Tuesday, 7 February 2012

Photographing the Moon

Almost full Moon 6/2/2012, originally uploaded by purpleface.

Just a quick blog about how I photographed the moon last night & how you can do the same. Like other photographs I've taken of the night sky I used a DSLR (in this case a Canon 7D) + 300mm lens + tripod. Settings for this shot were; f/5.6, ISO160, 1/500

First of all, you need a tripod. A tripod is essential. Next, a remote. A remote could be seen as essential but don't worry too much if you don't have one - you can use the in-camera timer. This post is mainly about photographing the moon with a DSLR + 200-300mm (or longer) lens but don't worry if you don't own a DSLR because I'll be making a separate post about non-DSLR moon shots in due course - keep an eye out!

So, to start with, if your camera has 'liveview', you can use this to your advantage by getting the moon in frame & using the zoom buttons to aid you with your focusing. If you aren't lucky enough to have this feature then it may mean you need to take a few shots to test the focus whilst adjusting along the way.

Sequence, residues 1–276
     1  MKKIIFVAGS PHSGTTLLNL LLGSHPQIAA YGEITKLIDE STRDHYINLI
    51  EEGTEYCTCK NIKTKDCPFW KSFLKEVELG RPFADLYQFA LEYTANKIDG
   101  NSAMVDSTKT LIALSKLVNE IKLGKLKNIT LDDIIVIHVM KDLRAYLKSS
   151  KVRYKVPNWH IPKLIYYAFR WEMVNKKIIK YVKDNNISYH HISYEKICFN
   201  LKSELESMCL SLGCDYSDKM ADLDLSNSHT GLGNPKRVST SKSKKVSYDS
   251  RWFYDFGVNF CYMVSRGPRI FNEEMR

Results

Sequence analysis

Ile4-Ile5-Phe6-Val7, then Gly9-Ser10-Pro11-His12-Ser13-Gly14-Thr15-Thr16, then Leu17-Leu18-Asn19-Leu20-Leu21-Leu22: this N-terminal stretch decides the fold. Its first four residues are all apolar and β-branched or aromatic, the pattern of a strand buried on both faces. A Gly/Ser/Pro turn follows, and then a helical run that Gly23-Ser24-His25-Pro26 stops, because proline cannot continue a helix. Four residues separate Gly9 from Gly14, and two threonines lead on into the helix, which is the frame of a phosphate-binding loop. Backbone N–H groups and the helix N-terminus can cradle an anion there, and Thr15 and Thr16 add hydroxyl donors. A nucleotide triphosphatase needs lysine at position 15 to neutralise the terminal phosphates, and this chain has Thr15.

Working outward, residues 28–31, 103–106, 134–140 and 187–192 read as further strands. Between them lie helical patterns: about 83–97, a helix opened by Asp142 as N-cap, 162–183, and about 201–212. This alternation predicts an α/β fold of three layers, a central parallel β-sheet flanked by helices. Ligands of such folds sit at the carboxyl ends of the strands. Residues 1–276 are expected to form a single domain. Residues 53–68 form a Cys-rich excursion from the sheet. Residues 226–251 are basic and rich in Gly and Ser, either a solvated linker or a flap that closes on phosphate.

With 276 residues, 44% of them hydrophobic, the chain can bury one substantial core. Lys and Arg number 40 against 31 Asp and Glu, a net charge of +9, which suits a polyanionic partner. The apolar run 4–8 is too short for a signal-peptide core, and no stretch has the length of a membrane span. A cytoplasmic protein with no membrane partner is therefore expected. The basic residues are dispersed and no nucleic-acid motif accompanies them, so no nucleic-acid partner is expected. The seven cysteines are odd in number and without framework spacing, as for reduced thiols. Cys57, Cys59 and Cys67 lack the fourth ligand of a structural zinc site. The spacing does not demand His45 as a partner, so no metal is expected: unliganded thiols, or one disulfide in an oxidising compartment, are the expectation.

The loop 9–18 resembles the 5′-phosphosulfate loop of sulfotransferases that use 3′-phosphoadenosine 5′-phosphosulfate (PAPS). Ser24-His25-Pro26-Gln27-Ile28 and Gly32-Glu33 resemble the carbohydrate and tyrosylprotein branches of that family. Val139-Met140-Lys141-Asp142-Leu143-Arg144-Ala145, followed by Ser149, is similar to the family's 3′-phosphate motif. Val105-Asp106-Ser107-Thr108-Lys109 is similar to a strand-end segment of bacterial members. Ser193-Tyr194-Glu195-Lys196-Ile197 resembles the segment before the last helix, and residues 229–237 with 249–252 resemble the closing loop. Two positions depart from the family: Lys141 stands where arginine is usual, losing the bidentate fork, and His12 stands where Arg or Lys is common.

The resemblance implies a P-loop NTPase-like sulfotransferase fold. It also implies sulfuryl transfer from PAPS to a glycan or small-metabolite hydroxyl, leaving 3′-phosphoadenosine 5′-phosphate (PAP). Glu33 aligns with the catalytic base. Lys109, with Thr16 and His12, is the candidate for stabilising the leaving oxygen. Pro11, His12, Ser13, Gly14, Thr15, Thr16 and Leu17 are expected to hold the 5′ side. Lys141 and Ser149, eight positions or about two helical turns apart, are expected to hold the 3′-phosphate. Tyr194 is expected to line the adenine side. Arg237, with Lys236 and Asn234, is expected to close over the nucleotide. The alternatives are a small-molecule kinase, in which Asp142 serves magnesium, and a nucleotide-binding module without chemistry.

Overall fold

Once you're happy with focus, you can then play around with your photo settings. Start with an ISO of 160. Now, depending on the moon phase you are photographing, your settings will be different for each phase. Start with exposures of 1/125 for crescent, 1/250 for quarter, 1/500 for gibbous & 1/1000 for full. Now these are only guidelines because they will change with factors such as light pollution, sky pollution & cloud cover. For example, the image at the top of this post had settings of 1/500 at f/5.6, ISO160 even though it is nearly full. This is because I live on the outskirts of a large city, therefore the moon is not as bright as it would be as somewhere with complete darkness.

You will need to experiment with settings & focal lengths before you get a picture that you're happy with. After you've finished your photography session, you may find that adjustments in Photoshop will improve your photograph further. I personally edit the contrast & I also sharpen the image to accentuate any craters seen in my image.

And with a lovely full moon on the cards for this evening (7/2/2012) you might want to wrap up warm & get photographing. I look forward to seeing the results! Thanks for reading.

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